|Inserting the mast in the mast step on DSS Procrastination|
The Australian National Maritime Museum at Darling Harbour in Sydney is an easy walk from my house and I often drop in for a look, although not quite as often now that admission is no longer free. I know the permanent collection well but I keep coming back and back to see the ship models.
|British corvette Atropos c 1810 made by Steve Adamantidis|
|Port Jackson schooner 1803 made by Richard Keyes|
One of the best models is of James Cook's ship HMS Endeavour (below) which brought him to Australia. Mapping Australia and New Zealand was a bit of a sideline on a trip which was to observe the transit of Venus in Tahiti. Note the blunt bow and the flattish bottom. That's because HMS Endeavour was built as a coal carrier and formerly named Earl of Pembroke. The thick hull surely saved it from breaking up when it ran aground on Australia's Great Barrier Reef. Later it was used to transport troops to the American Revolutionary War and was scuttled somewhere in Narragansett Bay, Rhode Island in 1778 while blockading the Bay.
|James Cook's ship HMS Endeavour|
|Detail of HMS Endeavour's rigging|
Could ship models be dolls houses for men? Surely not.
One of the best exhibitions I've seen at the Australian National Maritime Museum was a collection of toy boats---Bateaux Jouets---from the Musée National de la Marine, Paris. These weren't exact reproductions of boats but just wonderful little---and sometimes big---toys. I can't think of an equivalent kids' toy in today's internet world. While we're on the subject try to say "toy boat" over and over as quickly as you can. Why is it so hard to say?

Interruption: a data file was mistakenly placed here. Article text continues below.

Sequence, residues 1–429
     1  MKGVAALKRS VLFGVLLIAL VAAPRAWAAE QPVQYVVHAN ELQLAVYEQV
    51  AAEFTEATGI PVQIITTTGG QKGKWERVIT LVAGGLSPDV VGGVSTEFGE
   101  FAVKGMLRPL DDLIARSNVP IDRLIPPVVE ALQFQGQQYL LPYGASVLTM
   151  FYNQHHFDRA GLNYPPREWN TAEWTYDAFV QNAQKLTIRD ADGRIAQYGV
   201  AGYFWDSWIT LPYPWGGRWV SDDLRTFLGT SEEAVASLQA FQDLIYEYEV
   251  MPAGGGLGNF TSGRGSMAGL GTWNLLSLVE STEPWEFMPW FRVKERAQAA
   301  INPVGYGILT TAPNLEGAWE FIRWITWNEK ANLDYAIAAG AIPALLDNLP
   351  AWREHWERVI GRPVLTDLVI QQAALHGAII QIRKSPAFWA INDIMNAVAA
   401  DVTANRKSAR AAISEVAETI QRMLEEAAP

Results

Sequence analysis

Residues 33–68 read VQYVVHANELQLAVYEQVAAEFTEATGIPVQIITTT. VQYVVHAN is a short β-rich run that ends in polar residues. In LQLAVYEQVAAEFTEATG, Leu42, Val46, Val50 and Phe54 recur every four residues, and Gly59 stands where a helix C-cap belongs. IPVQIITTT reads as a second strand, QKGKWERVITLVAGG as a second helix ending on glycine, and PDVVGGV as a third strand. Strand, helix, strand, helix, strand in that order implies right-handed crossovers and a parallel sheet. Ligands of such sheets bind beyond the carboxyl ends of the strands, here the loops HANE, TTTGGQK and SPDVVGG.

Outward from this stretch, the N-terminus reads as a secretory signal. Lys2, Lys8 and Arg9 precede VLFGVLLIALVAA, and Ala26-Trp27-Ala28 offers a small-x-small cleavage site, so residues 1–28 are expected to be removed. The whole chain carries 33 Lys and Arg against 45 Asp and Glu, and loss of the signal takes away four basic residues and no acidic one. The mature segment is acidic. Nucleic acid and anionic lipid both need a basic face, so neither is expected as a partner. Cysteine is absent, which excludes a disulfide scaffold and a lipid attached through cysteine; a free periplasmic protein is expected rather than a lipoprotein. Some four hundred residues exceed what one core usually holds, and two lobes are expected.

But back to bateaux jouets, Imagine a spoiled little rich boy in a sailor suit, perhaps Marcel Proust, searching for lost time while sailing the toy boat below in the Luxembourg Gardens in Paris. Bliss.
|Tres joli bateau jouet|
I'd have thought that ship and boat model making died out by now but on a recent visit to Hobbyco I found quite a few boat model kits. So I guess it's not dead yet.
As for me, I've put away DSS Procrastination for the moment to do some writing but already I can feel the lure of the sea, the luff of sailcloth and the smell of superglue.